This is one of a series of questions centered around how an isolated group of people would survive. Each question focuses on a single aspect of survival. Details about the peoples' situation are below:

In a novel I am developing, roughly 500 people are living on a peninsula. The isthmus connecting the peninsula to the mainland is very narrow, and spanned by a wall, which prevents the people from leaving (there are deterrents preventing them from climbing the wall or otherwise circumventing it). They also cannot swim around the wall. This also means that no land-based animals can cross onto the peninsual from the mainland. The inhabitants have to live with what they have. For the sake of details, assume the peninusla is roughly the size, shape, and location of Mahia Peninsula.

This particular question deals with armor. The people on the peninsula are all in one village, so there are no wars, battles, or the like. Nothing larger than the occasional brawl. However, the inhabitants do need at least three suits of some type of armor. This armor will be used in a 1v1 battle against a strong opponent with a heavy metal sword, similar in construction to this. The armor needs to be light enough to allow the user to move fairly quickly, while still being as strong as possible. The user of this armor is also using an identical sword to the one mentioned above.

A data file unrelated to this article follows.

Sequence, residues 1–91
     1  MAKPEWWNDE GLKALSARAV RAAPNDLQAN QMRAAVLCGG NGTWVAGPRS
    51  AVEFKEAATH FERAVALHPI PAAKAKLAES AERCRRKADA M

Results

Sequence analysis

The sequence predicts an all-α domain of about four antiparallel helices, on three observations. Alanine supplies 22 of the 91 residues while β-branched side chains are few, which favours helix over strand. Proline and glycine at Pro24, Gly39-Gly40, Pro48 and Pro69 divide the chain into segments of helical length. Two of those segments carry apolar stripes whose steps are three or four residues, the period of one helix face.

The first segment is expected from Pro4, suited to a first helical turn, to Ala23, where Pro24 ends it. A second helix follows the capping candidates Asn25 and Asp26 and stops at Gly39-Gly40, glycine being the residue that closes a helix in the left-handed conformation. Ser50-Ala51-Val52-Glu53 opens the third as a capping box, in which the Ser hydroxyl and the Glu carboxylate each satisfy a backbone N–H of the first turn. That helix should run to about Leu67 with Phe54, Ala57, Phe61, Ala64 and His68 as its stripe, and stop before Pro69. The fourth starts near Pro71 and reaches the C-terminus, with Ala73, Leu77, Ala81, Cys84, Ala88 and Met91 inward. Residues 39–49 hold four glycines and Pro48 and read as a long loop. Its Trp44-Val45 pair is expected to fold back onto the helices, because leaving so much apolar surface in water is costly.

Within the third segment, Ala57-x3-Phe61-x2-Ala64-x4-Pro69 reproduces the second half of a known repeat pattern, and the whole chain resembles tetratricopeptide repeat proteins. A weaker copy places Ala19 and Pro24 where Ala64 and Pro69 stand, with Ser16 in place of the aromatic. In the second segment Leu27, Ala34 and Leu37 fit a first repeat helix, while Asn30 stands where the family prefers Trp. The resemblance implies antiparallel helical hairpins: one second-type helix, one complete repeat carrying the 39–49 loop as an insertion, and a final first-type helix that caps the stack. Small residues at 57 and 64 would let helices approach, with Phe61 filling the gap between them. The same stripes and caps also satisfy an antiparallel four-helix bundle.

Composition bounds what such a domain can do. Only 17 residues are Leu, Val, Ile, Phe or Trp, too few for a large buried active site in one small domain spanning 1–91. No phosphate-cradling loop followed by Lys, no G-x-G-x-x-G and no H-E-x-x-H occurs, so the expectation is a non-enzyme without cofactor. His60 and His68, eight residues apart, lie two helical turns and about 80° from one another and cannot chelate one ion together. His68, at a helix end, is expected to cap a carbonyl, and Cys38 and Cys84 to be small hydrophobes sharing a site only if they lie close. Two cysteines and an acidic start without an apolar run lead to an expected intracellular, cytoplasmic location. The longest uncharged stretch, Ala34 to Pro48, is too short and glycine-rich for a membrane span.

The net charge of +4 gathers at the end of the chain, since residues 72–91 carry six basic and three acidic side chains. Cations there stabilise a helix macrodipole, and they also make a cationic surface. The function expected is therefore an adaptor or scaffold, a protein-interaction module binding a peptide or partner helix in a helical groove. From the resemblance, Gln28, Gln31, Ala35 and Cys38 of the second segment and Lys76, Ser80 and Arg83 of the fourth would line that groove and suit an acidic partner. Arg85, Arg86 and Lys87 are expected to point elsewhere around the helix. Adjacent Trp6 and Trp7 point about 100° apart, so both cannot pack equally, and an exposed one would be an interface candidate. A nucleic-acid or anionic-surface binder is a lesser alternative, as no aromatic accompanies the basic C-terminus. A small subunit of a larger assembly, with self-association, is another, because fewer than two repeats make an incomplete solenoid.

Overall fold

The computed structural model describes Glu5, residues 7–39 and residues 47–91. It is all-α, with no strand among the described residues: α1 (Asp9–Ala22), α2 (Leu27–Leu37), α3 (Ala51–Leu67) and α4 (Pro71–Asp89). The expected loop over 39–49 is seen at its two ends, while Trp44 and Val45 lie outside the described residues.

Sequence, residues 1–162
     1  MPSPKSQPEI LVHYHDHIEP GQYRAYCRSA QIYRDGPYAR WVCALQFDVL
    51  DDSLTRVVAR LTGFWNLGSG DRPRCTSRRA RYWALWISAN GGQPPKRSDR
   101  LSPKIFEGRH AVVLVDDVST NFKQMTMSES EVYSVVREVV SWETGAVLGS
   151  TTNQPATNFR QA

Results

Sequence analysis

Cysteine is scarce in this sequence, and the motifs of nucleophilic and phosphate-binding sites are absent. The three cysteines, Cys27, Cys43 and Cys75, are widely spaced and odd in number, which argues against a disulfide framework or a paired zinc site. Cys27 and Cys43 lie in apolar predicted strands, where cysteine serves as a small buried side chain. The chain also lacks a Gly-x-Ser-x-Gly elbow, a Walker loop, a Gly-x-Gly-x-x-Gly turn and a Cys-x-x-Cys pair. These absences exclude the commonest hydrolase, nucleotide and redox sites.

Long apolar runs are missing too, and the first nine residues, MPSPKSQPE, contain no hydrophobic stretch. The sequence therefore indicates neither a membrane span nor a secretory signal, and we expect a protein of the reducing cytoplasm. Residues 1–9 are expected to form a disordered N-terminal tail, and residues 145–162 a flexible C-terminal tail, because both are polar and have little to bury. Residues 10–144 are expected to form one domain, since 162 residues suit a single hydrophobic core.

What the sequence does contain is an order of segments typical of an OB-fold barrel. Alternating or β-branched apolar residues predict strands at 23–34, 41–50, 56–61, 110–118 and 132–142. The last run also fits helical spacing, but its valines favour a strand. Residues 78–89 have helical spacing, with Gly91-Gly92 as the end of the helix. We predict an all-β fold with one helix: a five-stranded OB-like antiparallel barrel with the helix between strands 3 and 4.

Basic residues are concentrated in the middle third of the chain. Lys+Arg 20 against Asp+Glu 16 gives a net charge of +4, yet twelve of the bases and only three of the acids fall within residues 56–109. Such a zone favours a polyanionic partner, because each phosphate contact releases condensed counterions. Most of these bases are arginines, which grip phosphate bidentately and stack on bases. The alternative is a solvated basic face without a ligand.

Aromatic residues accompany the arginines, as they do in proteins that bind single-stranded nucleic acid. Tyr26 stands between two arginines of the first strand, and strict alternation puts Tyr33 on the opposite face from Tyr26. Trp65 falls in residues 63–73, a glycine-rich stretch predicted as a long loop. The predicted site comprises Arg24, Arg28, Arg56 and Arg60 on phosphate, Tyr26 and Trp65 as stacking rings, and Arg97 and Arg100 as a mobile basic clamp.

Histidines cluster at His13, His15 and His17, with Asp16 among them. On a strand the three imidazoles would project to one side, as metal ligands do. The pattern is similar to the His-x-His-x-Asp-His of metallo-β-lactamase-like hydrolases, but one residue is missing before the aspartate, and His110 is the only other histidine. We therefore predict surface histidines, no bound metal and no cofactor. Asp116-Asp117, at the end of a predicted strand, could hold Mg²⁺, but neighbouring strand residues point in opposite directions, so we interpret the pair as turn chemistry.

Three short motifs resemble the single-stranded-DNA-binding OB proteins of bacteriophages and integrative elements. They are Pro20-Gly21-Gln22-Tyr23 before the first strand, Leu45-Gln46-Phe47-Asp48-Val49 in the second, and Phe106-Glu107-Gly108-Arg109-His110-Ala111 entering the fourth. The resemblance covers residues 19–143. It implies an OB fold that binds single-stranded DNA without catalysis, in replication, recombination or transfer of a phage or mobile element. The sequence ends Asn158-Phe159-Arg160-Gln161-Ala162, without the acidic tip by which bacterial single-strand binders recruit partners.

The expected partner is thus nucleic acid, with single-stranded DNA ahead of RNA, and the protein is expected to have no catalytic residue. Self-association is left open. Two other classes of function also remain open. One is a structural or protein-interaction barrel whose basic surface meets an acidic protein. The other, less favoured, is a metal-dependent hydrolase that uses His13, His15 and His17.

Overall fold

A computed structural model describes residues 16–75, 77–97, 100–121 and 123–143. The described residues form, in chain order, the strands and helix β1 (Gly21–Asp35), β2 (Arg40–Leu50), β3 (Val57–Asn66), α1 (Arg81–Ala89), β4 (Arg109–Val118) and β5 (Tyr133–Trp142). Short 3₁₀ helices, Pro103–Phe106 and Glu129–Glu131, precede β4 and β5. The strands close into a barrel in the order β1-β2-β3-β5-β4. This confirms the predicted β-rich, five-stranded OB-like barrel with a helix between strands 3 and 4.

Given the resources present, what is the best armor that could be made to fit these needs?

Resources present:

  • No metal. Aside from the previously mentioned sword (which should not be considered in the list of resources), these people have no access to metal.
  • Hides from Sea Creatures. There are not many land-based animals on the peninsula, certainly no large ones. There are plenty of sea creatures such as seals however, which could provide hides for leather.
  • Plant life. Probably not the best bet for armor, but an abundance of plant life is available if needed, including pines (largely cedars), bushes, and vines.
  • Stones. Rock is readily available, as is flint. Not ideal for armor obviously, but could be useful as tools to help create the armor.

It should be noted that the technology level of these people is basically bronze age minus the bronze. Without access to metal, they can get only so far.

My Research

My first thought was leather armors. I had some doubts about the existence of such armor though, so I did some research. It looks like leather might have been used mainly as support and backing for metal armors. There were no full suits of purely leather armor. That being said, it does seem that leather armor would provide at least some protection, though not against any sharp point. I found a great article explaining the uses of leather armor.

That being said, is there a better alternative that my people would have access to? Remember that speed is the priority.

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    $\begingroup$ I'm going to go out on a limb here and say that nothing available in the bronze age is really going to protect you against a good swing from a decent sword, if you can't have metal armour. You're basically limited to natural materials of which the strongest will be wood and bone, and swords will make quick work of either. Any protection they will give will be more than offset by the disadvantages of wearing armour in terms of weight and restricted movement. $\endgroup$ – Matt Bowyer Dec 23 '16 at 23:54
  • $\begingroup$ @MattBowyer So based on that I'd say thick padding/leather is my best bet? Maybe block a glancing blow or two and then it's over? $\endgroup$ – Thomas Myron Dec 23 '16 at 23:56
  • $\begingroup$ Yes, maybe a bit on areas like the shoulders to deflect a glancing blow might help $\endgroup$ – Matt Bowyer Dec 23 '16 at 23:59